Lisa ended up having to foreclose on her home in Las Vegas (the one that was too expensive to maintain during the recession), so was faced with having that on her credit report. As a result, the homes that she’s buying in depressed or stressed markets are being financed creatively.

She started out taking money out of her 401k, then began to get creative by refinancing her car, taking advances from her credit cards, and finding short term loans through banks and credit unions. And she’s cash flowing the properties, paying off debt, and building wealth.

She paid $13,000 cash for one house that generates $900 a month in rent. Others were closer to $20,000 or $30,000, but still create really incredible cash on cash returns.

Lisa (at 16:00) admits to the fact that some of what drives her is the desire to prove people wrong. Yes, she says, she lost a home in Las Vegas because of poor decisions, but that will not be what holds her back from achieving everything she sets her mind to. In fact, in inspires her to work harder.

The main point Lisa makes in her online training platforms is you don’t have to be born wealthy in order to create wealth. She also spends a great deal of time figuring out how to make the most amount of money doing the least amount of work.

Property managers are critical to Lisa’s success. Because the closest home she owns is 3 hours away, she has some strategies for how to find managers (which she shares around the 22:00 mark).

It’s okay to start small is a prime takeaway from this podcast. At the beginning, this will be slightly uncomfortable, but totally worth it once you get your feet under you.

Around the 32:00 mark, Lisa talks about her offer strategies, many that depend upon the demographics of the neighborhood, how long the property has been on the market, and the condition of the property.

To find out more about Lisa, check out or

Books Lisa Recommends:

Retire Young, Retire Rich by Robert Kiyosaki

Rich Dad Poor Dad by Robert Kiyosaki

Tax Free Wealth by Tom Wheelwright

Graduate Student Debt

Broke From Go — Why Graduates Today Are Cash Strapped And What To Do To Fix It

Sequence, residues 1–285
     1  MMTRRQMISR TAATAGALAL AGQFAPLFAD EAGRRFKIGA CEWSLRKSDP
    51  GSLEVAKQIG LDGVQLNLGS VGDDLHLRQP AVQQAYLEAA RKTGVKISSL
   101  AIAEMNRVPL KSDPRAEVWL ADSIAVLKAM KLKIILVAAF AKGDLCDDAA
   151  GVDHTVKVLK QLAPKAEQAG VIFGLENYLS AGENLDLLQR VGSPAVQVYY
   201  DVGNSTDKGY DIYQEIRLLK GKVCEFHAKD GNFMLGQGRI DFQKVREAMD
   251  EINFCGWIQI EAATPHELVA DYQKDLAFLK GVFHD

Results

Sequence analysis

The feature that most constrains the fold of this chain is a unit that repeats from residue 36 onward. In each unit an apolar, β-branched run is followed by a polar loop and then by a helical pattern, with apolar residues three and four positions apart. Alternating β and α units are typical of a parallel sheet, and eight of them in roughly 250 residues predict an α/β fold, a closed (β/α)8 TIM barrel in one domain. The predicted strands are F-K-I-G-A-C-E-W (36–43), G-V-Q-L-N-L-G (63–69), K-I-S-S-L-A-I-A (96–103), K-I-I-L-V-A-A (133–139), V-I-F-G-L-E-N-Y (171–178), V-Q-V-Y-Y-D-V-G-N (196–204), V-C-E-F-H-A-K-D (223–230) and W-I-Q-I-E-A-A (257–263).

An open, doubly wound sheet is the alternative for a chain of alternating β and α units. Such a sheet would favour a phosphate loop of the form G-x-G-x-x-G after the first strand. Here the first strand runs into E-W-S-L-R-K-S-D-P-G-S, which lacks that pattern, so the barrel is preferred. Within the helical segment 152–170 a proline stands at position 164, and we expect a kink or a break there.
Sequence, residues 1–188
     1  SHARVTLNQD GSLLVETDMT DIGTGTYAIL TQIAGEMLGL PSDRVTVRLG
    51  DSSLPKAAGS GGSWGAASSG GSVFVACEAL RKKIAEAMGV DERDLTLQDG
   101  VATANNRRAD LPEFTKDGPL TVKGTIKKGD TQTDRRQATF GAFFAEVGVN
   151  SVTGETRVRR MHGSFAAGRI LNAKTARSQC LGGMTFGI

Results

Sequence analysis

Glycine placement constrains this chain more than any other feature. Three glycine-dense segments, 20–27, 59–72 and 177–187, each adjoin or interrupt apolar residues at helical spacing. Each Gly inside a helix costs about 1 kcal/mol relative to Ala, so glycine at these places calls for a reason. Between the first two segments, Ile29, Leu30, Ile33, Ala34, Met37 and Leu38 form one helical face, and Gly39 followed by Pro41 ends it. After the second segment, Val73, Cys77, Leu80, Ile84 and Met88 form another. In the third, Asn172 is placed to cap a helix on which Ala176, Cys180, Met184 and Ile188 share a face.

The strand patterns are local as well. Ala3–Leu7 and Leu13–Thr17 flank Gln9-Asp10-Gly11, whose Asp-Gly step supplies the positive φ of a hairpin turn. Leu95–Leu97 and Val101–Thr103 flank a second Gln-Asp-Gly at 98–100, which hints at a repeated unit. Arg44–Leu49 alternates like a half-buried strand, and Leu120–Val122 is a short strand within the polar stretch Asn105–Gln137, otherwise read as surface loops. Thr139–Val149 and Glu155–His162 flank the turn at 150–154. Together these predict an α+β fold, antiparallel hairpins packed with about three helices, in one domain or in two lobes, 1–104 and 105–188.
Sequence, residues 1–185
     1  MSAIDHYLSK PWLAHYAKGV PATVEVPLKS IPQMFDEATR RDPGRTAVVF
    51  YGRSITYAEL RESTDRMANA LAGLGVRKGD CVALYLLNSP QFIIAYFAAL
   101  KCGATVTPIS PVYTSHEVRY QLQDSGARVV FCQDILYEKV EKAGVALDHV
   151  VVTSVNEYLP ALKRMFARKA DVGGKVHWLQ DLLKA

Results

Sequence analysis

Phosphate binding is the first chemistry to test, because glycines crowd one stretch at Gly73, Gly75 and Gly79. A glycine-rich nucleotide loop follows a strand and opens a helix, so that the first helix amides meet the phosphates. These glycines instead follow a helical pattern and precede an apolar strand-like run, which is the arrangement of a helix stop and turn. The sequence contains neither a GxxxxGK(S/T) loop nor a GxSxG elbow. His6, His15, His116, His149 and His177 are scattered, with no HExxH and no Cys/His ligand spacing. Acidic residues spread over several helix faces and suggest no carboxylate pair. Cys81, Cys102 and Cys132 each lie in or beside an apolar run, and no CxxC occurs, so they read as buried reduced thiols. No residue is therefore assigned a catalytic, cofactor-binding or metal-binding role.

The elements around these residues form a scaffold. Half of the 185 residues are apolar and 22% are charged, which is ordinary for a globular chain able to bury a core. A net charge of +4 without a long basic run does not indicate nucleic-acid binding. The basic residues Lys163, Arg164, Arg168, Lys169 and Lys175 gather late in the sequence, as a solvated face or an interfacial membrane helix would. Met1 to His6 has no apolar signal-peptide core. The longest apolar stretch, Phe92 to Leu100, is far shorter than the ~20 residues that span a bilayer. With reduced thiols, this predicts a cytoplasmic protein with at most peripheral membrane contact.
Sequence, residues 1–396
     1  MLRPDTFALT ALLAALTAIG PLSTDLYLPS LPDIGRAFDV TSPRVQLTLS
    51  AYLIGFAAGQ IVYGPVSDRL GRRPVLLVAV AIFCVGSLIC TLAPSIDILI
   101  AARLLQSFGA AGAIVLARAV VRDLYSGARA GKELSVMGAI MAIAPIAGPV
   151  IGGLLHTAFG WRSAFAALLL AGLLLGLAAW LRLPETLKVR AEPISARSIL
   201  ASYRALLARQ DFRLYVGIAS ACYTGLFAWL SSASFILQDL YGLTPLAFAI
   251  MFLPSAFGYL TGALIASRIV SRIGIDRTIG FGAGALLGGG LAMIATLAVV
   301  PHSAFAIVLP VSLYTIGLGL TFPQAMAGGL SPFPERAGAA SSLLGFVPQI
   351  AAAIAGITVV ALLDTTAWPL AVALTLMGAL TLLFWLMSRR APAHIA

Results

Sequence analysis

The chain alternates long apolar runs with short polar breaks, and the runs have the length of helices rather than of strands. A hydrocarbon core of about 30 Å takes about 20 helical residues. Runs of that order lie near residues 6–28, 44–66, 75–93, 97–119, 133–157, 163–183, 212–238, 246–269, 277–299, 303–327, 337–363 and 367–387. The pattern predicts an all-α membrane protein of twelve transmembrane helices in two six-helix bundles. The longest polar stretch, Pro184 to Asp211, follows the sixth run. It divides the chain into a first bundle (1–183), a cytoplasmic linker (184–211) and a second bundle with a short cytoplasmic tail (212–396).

There are very few graduates today that would lump themselves in the “average” category.

Average debt, that is.  

According to The Institute For College Affordability and Access student loan debt survey in 2014, the average debt load carried by an undergraduate was just shy of $30,000.  Yet, when seemingly “average” recent graduates were asked, their debt loads were at least 1.5 times that if not more.  (And that’s before taking into consideration the credit card debt many are carrying…)

In essence, they’re Broke From Go.  From the time these young people graduate, they are far more cash strapped than any previous generation.  Couple this situation with a difficult job market, a wildly fluctuating stock market, and a depressed housing economy — it’s no wonder the next generation is bucking the status quo.

I had an intern named Brandon who recently said to me (after I had him investigating some statistics on student loan debt), “Can this be right?  $200 a month payments for 10 years on $10,000 in student loans?”

He went on to discover that he’ll need a salary of $133,000 a year to “afford” his student loan payments once in repayment status.

Know of any companies looking to hire a recent Liberal Arts graduate for 6 figures?

I didn’t think so…

Such is the case with many students who’ve been sold a bill of goods as to the value of their degree.  The fact of the matter is that many two year institutions are graduating 20 year olds with degrees in high demand like nursing, telecommunications, lasers, and welding.  Many of whom are grabbing jobs paying in excess of $50,000 a year.

Which begs the questions:

  • Why are all of these people getting 4-year degrees?
  • What is the point of racking up high 5-figure debt loads?
  • When is our higher education system going to change?
  • Who else is seeing this problem and what are they doing to change it?

So, what are we to do about this cash-strapped generation?

First of all, encourage those who don’t know what they want to do to attend a two-year school and get their general requirements out of the way.  It’s more economical and quite often, the classes are easier to get into than a larger institution. Considering 1 in 3 students will not finish their degree, a community college is the most economical way to get the first couple of years under their belt. It’s a relatively inexpensive way to dip your toe in the water of higher ed, so to speak.

Guide them in gaining experience through internships so they get a sense of what they really enjoy doing.  At that point, see if it makes sense to pursue the four year degree.

More loans are not the answer. 

Our administration thinks that making student loans more accessible is the answer to our problems.  What we need less of right now are cash strapped twenty-somethings. This is one of the most entrepreneurial generations to have ever appeared on the scene and when they’re in debt, they aren’t as prone to start successful businesses.

The single best way to fix the problem is to educate those in the middle of it. It is up to the institutions, the families, and the individuals to seek out every educational opportunity to ensure students make wise and educated decisions when it comes to money.